The China Post news staff
TAIPEI, Taiwan — The proposed referendum on the fate of Taiwan’s Fourth Nuclear Power Plant is meaningless because the public is denied the facts behind the controversial project, a critic said yesterday. The public is like a group of blind men trying to figure out what an elephant is like, said Ma Kai, an economist who heads a nonprofit group promoting social responsibility.
“Someone touches the tail and says the elephant is like a rope; another touches the leg and says it’s like a pillar,” Ma said, alluding to a famous story about truth. “Some people support ‘rope’ and some other support ‘pillar,’ and they hold a vote. This is the referendum on the Fourth Nuclear Power Plant,” he added.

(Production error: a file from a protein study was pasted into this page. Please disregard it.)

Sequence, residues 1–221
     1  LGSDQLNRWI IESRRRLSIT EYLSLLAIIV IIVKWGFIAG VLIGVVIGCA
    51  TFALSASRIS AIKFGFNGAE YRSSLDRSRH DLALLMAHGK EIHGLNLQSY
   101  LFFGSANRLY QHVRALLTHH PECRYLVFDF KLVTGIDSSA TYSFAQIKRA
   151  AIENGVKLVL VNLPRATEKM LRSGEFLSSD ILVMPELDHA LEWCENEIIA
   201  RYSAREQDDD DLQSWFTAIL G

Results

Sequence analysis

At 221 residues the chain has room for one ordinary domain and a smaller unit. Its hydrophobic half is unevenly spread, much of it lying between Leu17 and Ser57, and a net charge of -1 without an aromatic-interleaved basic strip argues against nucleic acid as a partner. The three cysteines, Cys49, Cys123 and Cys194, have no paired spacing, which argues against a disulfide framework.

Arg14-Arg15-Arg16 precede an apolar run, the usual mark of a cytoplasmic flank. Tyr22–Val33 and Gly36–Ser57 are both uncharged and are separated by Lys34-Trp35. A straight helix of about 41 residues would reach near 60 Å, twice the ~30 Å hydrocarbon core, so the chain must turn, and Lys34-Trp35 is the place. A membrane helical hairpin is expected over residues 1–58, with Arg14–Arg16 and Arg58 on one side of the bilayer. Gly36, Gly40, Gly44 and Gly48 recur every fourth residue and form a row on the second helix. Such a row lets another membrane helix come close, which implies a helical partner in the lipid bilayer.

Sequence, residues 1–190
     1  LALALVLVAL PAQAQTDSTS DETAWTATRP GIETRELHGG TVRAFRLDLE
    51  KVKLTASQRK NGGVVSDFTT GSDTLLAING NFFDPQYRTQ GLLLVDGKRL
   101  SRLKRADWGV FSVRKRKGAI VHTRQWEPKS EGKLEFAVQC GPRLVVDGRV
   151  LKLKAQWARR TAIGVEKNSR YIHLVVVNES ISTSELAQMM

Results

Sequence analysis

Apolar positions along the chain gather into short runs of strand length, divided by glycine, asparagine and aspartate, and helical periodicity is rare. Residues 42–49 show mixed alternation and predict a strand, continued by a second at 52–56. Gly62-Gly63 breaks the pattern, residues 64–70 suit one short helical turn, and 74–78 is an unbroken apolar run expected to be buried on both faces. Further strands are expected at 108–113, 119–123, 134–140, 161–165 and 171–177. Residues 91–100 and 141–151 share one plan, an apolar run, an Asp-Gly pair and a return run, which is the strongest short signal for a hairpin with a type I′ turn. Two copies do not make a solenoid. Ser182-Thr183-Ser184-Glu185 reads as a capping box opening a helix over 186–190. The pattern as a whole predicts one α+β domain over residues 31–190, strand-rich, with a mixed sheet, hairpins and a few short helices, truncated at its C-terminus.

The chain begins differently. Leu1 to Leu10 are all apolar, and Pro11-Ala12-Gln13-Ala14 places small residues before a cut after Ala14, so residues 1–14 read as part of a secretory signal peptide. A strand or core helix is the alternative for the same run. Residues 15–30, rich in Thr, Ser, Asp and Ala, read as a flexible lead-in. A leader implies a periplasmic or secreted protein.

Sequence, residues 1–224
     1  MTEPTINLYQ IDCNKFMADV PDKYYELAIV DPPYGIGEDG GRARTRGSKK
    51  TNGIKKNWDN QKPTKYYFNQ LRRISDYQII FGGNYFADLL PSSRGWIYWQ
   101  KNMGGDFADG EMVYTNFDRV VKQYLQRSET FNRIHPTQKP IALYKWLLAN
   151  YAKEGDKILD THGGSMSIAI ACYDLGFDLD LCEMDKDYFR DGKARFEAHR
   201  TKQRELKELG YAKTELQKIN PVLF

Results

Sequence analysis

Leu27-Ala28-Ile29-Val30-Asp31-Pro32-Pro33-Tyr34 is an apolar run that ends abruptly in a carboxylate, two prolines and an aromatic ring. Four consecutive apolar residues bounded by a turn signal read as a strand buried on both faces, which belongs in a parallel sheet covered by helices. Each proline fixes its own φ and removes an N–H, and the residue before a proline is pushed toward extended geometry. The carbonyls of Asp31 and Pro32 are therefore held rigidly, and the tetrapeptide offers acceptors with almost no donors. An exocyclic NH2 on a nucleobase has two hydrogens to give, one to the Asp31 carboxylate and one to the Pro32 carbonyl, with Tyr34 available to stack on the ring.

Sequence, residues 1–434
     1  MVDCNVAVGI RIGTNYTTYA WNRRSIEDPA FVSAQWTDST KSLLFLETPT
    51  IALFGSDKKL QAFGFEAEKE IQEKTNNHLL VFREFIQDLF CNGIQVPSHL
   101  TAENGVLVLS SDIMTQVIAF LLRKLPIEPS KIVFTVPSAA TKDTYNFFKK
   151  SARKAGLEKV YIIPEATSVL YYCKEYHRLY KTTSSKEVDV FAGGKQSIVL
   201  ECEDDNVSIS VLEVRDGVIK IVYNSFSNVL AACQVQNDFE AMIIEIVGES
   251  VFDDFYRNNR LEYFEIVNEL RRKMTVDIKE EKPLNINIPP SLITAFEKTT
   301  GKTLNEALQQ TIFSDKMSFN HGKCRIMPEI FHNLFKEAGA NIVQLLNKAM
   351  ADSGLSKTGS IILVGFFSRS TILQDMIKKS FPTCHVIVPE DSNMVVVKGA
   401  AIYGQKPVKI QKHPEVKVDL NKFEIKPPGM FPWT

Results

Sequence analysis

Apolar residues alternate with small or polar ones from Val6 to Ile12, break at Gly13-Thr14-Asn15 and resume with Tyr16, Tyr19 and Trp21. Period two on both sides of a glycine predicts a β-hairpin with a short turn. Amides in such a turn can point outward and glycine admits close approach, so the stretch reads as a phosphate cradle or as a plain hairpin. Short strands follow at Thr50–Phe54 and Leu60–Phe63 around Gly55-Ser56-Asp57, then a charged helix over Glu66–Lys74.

Ma said information about the controversial nuclear power plant has been coming solely from Taipower, which the people do not trust. He faulted the Economics Ministry for giving Taipower the mission of trying to convince the public of the benefits of the new plant over the past 30 years, without realizing that the state-run utility firm cannot be trusted because of its status as being both player and referee. “The referendum is meaningless because the whole nation has been denied their rights to fully understand the Fourth Nuclear Power Plant,” Ma told reporters on the sideline of a forum in Taipei. The government has decided to hold a referendum on the fate of the plant, but has warned that a lack of electricity because of the termination of the project may impact Taiwan’s economy. Tu Tzu-cheng, a researcher from the government-sponsored Industrial Technology Research Institute (ITRI), described the nuclear power dispute as a matter of confidence, and the termination of the project may not have too much of an impact on Taiwan’s economy, according to the Central News Agency. But Tu, who heads ITRI’s research on knowledge economy and competitiveness, said there could be a domino effect if the Fourth Nuclear Power Plant project is halted.